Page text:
Friday, September 14, 2012

Fitzgerald v. Chrysler Corporation case brief

Fitzgerald v. Chrysler Corporation
        1. Facts: Chrysler sold to its consumers of its motor vehicles extended warranties promising all sorts of warranty protection that they had no intention of providing. They are charged under the RICO statutes
        2. Issue: Whether Chrysler can be said to have been “associated with an enterprise” to have “conducted… such enterprises affairs through” wire and mail frauds.
        3. The P tries to paint a picture by arguing that Chrysler is an enterprise… the allegation is that the affiliates and agents of Chrysler participate directly/indirectly in the sale of the warranty, so that they constitute an enterprise… the court points out though that if the P is right, then this would result in every RICO case against a corporation (that demonstrates a pattern of fraud), to result in liability. The court says this is outside the scope of the intention of RICO.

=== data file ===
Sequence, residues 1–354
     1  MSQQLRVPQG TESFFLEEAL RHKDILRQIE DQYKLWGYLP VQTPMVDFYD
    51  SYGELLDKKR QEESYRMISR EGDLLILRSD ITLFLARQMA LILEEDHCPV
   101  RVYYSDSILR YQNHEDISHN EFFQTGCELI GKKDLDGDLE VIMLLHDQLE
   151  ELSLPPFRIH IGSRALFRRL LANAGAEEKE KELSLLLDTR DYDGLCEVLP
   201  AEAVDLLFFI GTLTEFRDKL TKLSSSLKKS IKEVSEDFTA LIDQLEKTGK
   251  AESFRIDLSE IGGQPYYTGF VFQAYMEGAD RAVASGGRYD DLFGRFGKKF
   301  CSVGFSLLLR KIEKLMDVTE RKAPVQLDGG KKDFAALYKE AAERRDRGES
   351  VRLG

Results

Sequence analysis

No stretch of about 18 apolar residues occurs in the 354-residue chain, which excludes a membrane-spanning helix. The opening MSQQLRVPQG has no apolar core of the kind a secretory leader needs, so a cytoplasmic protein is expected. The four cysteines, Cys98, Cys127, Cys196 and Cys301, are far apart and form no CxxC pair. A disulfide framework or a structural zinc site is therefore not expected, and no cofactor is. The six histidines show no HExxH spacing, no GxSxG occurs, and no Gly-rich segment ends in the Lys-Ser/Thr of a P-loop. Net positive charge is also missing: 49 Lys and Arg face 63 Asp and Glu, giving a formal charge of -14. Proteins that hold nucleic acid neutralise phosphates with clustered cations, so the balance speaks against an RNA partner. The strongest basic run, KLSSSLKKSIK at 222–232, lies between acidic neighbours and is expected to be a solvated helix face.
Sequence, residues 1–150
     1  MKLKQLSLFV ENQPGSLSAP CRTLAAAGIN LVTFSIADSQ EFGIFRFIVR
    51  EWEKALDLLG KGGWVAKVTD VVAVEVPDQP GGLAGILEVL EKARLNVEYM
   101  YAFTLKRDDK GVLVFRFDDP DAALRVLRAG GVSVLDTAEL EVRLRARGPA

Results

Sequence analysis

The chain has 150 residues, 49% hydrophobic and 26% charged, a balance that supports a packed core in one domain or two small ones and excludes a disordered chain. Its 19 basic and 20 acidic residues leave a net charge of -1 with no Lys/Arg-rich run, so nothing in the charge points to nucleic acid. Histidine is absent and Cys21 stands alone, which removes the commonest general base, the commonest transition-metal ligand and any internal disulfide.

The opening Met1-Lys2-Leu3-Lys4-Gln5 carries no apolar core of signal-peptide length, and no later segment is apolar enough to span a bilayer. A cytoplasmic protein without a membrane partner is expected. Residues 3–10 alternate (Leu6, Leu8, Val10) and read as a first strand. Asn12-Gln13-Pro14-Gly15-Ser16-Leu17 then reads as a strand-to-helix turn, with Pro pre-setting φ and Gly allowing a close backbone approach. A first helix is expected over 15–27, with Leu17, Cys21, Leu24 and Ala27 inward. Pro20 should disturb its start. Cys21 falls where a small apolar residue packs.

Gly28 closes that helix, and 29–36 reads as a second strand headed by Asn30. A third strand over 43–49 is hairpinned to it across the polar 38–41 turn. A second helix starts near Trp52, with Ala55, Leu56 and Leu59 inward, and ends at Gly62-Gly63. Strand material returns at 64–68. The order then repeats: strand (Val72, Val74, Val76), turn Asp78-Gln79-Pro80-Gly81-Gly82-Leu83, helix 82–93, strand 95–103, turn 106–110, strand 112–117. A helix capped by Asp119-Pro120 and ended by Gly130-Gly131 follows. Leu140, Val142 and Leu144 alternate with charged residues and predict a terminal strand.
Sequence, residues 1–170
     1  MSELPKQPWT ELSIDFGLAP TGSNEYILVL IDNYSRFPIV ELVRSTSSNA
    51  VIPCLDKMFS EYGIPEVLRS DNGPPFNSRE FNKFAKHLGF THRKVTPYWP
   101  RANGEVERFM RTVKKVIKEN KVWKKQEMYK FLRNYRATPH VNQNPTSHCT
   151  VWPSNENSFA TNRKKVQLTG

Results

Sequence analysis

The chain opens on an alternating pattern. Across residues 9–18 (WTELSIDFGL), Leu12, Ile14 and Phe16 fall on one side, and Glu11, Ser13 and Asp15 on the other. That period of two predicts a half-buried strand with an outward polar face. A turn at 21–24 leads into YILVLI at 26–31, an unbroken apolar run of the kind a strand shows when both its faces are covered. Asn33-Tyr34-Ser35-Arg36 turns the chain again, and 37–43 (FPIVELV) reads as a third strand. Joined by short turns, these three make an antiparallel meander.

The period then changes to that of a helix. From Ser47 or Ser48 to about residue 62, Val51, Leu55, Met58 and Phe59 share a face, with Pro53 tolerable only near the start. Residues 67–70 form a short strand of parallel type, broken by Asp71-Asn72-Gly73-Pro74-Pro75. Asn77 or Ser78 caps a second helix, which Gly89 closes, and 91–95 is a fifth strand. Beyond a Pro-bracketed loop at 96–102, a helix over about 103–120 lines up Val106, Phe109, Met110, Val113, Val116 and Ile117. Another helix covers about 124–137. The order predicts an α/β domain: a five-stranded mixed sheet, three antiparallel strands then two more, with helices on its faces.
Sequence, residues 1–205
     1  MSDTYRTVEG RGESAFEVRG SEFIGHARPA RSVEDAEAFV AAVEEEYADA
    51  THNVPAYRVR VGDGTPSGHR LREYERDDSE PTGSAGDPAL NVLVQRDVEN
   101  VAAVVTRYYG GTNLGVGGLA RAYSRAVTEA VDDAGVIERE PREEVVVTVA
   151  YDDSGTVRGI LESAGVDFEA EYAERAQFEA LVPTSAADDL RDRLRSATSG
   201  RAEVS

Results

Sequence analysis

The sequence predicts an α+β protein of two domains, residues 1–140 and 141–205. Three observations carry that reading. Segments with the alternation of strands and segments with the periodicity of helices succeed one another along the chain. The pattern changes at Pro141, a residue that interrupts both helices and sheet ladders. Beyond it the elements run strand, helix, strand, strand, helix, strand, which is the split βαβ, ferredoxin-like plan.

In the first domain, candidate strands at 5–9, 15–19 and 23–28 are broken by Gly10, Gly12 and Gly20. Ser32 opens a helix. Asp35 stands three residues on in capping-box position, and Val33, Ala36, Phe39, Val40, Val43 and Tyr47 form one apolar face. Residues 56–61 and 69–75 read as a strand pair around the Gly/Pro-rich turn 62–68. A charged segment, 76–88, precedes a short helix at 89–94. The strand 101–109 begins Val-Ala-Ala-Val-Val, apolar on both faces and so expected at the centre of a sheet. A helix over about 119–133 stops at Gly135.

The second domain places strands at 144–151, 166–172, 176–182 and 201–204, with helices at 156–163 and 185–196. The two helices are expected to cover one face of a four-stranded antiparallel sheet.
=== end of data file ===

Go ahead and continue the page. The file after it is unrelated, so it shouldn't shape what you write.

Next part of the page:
4. The court imagines the prototype RICO case, then compares that to the present case: the prototypical case is one in which a person bent on criminal activity seizes control of a previously legitimate firm and uses the firm’s resources, contacts, facilities, and appearance of legitimacy to perpetrate more, and less easily discovered, criminal acts then he could do in his own person, that is, without channeling his criminal activities through the enterprise that he has taken over. In this case, the P tries to apply RICO to a free-standing corporation merely because Chrysler does business through agents, as virtually every manufacturer does, so it is much different than the typical case…. The result would be to encourage vertical integration of companies, which is clearly not the goal of RICO… therefore the court finds that Chrysler does not comprise an enterprise through its agents and employees.

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